- Night in the forest. Evokes the tranquil landscape of a humid forest at night. The effect of the voices is to imitate the sound of the raindrops, the whistle of the wind in the trees and the calls of nocturnal birds, the frogs and the insects.
- Storm. The movement begins with a number of wails which imply a sense of unease. The sounds of anxious birds, as well as other sounds, echo in the night; suddenly, a loud clap of thunder breaks the night’s silence, unleashing a storm. The movement draws to a close as calm returns and the rain begins to subside.
- Rising sun. A tone cluster, made up of eight sounds, marks the rising of the sun on the horizon: the beginning of a new day. The sound of a swarm of bees calmly flying by as the storm reaches its end is imitated by female voices.
ORGANOLOGY: Mixed choir (Soprano, alto, tenor, bass)
APPROXIMATE DURATION: 15′
- First movement: made up of six separate sections, marked by changes in colour and structure as dictated by the verses of the poetry.
- Second movement: divided into six sections as marked by sudden changes in texture, dynamics and rhythmic pattern.
- Third movement: made up of five sections divided clearly by changes in the texture and harmonic density.
TEMPO AND METER: As with the first movement, there is a noticeable connection between the meter and the accentuations of the text. In the second movement, the changes in time, as well as its rhythmic articulation, emphasize the energetic style of the poem.
MELODY: The melodic motion is in keeping with the chords or blocks of sound, as opposed to the individual motion of the voices. Nevertheless, the lines remain static and within a limited range as a result of the piece’s focus on diatonic clusters.
HARMONIC PROCESSES: Modes, pentatonics and pandiantonics are the dominant harmonic resources used in the piece. The vertical structures comply with diatonic, and on occasion, chromatic clusters but predominately express themselves through the use of modes. They are also formed based on major and minor seventh and ninth chords. The form of the piece exhibits changes in texture, dynamics and rhythm.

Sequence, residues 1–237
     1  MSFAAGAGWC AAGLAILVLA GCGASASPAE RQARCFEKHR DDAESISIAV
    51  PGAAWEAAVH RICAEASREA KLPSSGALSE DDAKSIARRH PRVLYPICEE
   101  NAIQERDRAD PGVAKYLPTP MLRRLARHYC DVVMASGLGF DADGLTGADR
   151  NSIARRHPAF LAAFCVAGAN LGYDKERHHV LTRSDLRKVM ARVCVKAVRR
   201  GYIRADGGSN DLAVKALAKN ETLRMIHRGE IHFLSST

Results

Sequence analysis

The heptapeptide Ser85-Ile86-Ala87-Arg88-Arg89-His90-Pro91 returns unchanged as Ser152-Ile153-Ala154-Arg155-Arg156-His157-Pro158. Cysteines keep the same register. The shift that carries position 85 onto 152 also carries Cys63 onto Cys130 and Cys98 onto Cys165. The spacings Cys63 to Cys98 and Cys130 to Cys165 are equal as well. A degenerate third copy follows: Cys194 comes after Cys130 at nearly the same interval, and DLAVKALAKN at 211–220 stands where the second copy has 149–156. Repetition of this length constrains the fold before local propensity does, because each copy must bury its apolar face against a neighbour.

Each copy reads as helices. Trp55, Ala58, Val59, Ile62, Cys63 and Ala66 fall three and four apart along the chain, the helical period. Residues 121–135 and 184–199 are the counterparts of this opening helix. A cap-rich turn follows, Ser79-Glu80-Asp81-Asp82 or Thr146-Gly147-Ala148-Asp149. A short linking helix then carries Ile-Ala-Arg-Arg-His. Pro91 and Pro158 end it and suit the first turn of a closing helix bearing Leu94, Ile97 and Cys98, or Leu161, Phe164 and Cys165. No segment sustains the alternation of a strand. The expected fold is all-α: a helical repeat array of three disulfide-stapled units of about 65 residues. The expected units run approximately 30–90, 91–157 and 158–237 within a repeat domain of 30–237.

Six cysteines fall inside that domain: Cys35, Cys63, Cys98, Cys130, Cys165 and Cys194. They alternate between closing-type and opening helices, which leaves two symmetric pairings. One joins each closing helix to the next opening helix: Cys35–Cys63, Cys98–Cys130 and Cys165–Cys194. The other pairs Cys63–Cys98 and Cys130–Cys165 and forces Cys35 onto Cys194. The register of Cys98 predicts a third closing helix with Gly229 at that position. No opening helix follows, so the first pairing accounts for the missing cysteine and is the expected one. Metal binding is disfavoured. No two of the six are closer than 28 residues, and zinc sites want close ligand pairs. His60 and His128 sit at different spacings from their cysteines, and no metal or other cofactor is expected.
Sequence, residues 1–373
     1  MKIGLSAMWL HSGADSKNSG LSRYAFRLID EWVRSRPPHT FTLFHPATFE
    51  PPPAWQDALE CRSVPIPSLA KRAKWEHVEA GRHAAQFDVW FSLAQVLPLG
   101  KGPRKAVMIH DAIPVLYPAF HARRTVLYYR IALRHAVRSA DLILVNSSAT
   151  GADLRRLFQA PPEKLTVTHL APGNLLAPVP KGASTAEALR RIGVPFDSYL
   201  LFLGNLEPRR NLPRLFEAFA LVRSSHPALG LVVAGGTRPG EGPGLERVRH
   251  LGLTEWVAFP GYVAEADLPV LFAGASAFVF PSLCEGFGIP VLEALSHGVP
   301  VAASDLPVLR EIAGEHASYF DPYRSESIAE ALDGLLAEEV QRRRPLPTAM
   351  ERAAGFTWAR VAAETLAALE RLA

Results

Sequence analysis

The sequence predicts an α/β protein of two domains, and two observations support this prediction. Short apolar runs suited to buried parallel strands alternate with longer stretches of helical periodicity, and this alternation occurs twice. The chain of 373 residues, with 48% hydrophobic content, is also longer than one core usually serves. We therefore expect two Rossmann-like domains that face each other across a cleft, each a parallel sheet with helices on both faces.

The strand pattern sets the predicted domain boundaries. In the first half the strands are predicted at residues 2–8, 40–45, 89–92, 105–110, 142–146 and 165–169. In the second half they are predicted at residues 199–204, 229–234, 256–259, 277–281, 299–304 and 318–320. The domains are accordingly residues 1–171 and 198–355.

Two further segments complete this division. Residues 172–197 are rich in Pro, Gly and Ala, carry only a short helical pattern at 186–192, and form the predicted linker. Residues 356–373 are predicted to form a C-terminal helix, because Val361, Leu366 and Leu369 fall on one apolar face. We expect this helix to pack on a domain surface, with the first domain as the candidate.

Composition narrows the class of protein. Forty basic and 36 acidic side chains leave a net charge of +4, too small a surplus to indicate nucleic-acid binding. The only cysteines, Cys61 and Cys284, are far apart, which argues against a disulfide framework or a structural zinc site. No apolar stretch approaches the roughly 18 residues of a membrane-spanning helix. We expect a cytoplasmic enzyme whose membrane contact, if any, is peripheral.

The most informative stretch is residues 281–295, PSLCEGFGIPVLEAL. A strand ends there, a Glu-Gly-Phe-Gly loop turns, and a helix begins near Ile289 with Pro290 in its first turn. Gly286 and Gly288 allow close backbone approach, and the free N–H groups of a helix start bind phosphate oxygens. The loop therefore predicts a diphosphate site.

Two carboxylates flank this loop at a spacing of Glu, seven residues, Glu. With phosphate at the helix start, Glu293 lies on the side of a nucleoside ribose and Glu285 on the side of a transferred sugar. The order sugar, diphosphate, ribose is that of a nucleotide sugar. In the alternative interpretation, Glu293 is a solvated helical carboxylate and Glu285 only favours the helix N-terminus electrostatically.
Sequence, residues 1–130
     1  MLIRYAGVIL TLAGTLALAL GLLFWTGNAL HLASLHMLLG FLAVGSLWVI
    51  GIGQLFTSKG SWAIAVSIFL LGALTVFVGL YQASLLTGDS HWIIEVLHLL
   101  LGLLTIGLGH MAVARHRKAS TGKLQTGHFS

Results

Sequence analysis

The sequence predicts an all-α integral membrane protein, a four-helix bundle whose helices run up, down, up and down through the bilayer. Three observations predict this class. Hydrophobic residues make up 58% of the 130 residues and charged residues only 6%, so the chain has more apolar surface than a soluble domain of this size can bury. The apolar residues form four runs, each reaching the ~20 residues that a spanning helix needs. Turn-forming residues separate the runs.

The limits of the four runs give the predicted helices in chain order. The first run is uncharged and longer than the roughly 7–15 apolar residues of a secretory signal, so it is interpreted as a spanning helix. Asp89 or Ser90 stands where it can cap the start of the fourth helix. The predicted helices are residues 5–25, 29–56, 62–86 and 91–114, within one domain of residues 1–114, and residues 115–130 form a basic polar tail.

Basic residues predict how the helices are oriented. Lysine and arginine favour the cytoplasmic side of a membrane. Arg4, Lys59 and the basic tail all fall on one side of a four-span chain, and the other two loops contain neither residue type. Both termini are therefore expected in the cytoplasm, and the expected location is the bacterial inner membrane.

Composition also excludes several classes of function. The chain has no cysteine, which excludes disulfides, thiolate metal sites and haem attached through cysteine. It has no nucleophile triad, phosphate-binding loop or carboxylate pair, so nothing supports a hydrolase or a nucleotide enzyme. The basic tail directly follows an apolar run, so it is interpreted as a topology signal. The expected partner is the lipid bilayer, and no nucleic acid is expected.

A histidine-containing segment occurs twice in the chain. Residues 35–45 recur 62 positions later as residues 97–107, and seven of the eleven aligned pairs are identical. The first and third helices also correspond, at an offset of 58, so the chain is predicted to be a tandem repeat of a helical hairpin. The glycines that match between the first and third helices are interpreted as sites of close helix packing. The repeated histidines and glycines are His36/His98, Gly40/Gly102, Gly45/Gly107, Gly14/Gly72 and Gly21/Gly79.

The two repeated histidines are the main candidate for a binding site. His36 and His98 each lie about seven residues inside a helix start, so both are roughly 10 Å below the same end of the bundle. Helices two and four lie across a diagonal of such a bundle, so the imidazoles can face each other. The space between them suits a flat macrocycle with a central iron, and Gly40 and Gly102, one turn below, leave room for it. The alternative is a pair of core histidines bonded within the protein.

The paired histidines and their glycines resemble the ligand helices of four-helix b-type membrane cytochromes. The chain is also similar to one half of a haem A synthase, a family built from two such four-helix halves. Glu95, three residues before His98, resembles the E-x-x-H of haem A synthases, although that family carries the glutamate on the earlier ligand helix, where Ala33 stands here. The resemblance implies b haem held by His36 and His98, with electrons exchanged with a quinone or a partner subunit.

- First movement: Harmonic complementarity is a constant feature of the movement, which in producing fifth chords, gives it a diatonic Lydian mode in D minor. The mode is largely a result of the presence of some non-diatonic notes.
- Second movement: centred on the note C, upon which harmonies are formed, most often in minor tones.
- Third movement: centred on F, and as with the other movements, featuring modal shifts in the same or neighbouring tones.
TEXTURES: The texture of the piece is predominantly homorhythmic, where the homorhythm can be identified in two ways: firstly, as the product of the combination of sounds that make up diatonic clusters, thus resulting in ethereal, volatile and minimalist colours. Secondly, it results from the motion of diatonic block chords that move homorhythmically.
PITCH RESOURCES: The harmonic density achieved in the piece results from the composition of the first movement in eight voices, as well as the continual use of divisi in the remaining two movements. Such harmonic density results in diatonic clusters or triadic structures which cover ranges of more than two octaves. The piece also features effects produced by vocal sounds, whistles and clapping, amongst others; although such effects do not require advanced vocal techniques (given the conventional way in which they are produced), they create resonant ambiences that give the piece exotic tones and, above all, serve as literal representations of the images evoked by the titles of each movement. The way in which the piece builds musical textures, as well as its resonant effects, are both suggestions that it has been strongly influenced by North American composers Eric Whitacre, Paul Helley and Morten Lauridsen.
Translated by Dean Paul Edmunds, Poland/UK
Edited by Joel Hageman, USA